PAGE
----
July 11, 2019

CJS Architects always looking after the neighborhood

For the folks at CJS Architects, the neighborhood surrounding their workplace is more than just the spot from where they design cool buildings and interiors.

It’s their home.

When they look out their office window on South Union Street, they feel a sense of attachment, partner Craig Jensen says.

That’s why the expansion project at The Strong National Museum of Play, as well as development of Inner Loop parcels 4 and 5 by Konar Properties and Indus Hospitality Group, is so important to them.

“We are so fundamentally tied to the community and this area,” Jensen said. “We’re building a neighborhood in front of our eyes. We’re building this neighborhood as stakeholders, not just as architects.”

CJS has worked on projects for The Strong for more than two decades so the firm is again the lead designer on this endeavor. The firm also designed the apartments that are rapidly being constructed along South Union.

Construction on the hotel next to the museum will begin in the spring, with an anticipated opening in the summer of 2021.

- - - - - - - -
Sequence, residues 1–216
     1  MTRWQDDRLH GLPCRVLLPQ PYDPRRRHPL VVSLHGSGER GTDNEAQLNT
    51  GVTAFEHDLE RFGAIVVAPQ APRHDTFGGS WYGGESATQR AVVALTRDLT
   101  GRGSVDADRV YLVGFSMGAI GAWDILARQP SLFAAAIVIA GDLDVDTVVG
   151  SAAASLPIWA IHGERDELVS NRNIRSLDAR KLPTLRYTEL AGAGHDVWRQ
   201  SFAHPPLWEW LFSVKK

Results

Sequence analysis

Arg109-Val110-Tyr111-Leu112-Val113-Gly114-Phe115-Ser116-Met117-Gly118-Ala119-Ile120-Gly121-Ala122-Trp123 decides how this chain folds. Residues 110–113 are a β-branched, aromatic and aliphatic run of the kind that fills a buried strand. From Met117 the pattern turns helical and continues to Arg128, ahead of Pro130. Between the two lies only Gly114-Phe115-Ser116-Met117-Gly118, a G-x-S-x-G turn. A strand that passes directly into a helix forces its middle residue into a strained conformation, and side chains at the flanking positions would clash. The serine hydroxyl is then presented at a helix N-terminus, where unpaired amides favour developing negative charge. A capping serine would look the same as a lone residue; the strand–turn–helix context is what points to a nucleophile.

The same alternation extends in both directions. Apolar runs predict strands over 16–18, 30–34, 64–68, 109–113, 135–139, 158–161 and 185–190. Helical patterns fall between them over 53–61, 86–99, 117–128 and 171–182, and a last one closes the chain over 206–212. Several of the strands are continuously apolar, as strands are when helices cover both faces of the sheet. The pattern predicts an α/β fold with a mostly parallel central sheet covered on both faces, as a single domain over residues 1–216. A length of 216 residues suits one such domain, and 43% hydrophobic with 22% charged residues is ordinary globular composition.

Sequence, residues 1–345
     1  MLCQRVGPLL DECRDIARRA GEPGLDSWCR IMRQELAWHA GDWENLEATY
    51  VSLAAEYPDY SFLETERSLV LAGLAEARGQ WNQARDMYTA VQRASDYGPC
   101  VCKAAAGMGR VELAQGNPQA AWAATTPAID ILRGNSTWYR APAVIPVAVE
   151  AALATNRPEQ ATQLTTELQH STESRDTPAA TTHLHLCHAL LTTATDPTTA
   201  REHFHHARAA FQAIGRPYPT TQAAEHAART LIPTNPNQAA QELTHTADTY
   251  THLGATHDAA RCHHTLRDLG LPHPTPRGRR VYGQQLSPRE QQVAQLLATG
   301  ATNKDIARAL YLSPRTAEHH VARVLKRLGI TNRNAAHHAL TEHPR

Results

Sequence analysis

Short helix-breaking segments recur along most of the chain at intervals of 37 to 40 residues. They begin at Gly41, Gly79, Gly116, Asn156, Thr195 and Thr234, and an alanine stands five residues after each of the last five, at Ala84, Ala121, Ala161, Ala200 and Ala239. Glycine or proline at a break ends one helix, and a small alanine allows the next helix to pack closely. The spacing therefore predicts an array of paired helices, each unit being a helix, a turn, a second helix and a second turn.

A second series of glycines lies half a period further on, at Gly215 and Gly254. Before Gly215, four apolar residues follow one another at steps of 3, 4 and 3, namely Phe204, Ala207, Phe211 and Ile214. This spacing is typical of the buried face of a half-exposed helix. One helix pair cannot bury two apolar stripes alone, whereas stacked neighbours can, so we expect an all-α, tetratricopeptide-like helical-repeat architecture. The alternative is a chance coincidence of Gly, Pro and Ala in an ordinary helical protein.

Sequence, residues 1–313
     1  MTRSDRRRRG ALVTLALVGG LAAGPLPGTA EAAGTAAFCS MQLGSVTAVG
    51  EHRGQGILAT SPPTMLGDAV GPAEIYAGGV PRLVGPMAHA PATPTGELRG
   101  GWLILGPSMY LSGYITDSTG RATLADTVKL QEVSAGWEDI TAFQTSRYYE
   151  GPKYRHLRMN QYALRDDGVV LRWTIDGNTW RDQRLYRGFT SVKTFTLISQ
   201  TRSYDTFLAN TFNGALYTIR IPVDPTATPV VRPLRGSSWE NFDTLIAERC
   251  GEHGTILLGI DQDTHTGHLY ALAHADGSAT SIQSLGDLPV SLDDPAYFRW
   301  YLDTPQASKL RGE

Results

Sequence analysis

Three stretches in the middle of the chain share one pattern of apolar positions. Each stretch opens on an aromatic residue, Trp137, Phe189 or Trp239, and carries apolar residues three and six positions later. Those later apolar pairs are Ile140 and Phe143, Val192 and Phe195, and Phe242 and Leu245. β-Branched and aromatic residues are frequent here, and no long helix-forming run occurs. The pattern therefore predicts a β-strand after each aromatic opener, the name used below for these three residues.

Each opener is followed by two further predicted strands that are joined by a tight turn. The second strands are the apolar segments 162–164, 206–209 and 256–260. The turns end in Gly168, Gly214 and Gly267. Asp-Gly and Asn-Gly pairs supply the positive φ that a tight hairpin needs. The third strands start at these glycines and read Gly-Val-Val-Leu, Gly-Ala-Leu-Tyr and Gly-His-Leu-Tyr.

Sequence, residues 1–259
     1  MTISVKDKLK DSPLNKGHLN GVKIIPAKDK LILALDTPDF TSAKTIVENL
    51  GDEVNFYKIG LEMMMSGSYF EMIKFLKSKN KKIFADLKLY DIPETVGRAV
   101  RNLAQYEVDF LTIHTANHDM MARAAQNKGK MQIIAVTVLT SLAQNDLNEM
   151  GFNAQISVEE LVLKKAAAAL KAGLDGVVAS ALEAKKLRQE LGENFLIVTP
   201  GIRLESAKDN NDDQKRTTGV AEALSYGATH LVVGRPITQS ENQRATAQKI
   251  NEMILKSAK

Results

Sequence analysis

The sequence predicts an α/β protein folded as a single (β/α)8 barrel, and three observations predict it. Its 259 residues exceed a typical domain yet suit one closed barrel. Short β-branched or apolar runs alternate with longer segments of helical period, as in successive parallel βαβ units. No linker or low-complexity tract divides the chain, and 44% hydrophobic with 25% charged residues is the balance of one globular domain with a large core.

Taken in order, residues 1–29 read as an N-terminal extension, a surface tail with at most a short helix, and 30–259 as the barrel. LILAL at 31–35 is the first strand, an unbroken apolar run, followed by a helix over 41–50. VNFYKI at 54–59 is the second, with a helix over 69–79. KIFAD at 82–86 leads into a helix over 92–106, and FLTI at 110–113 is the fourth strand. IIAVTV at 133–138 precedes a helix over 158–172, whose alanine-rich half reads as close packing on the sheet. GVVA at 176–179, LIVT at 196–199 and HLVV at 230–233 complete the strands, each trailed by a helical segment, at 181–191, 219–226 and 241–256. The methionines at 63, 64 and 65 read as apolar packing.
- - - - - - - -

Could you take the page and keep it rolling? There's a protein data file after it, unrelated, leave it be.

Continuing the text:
Of course, the principals at CJS have been proactive in their downtown quadrant before. Former partner Bob Mason spearheaded the development of townhomes in the Grove Place Neighborhood, building between 35 and 40 from 1980 to 2005. He also lived in the neighborhood, as did Jensen.

They did more than just construct townhouses in city’s oldest continually inhabited residential neighborhood, however. The firm also designed Miller Center and the Eastman East Wing at the Eastman School of Music. 

“This neighborhood was an opportunity,” Jensen said. “The townhomes infilled that area and really made it a great neighborhood.”

The staff at CJS totals 28, and growth is probable. That’s one reason the firm will leave its current space at 54 South Union St. later this summer for a new office just down the street at 114 South Union. Roc Brewing Co. LLC, which currently leases half of the building at 54 South Union, will take over the entire space.

CJS, meanwhile, will double their space to about 9,000 square feet. And Konar apartments — with between 225 and 250 units — and the new Strong will still be right outside their window.

“We prefer to work in our own neighborhood if we can,” said Jensen, one of three partners in the firm. The others are Dirk Schneider and Robert Stark.

The design professionals at CJS don’t just do new, though. The firm was recognized in May by the Preservation League of New York State for its renovation work on the Graycliff Isabelle Martin Home, a Frank Lloyd Wright estate, in the Eric County hamlet of Derby.

Published in the Rochester Business Journal by Kevin Oklobzija.

koklobzija@bridgetowermedia.com/(585) 653-4020

CJS Architects always looking after the neighborhood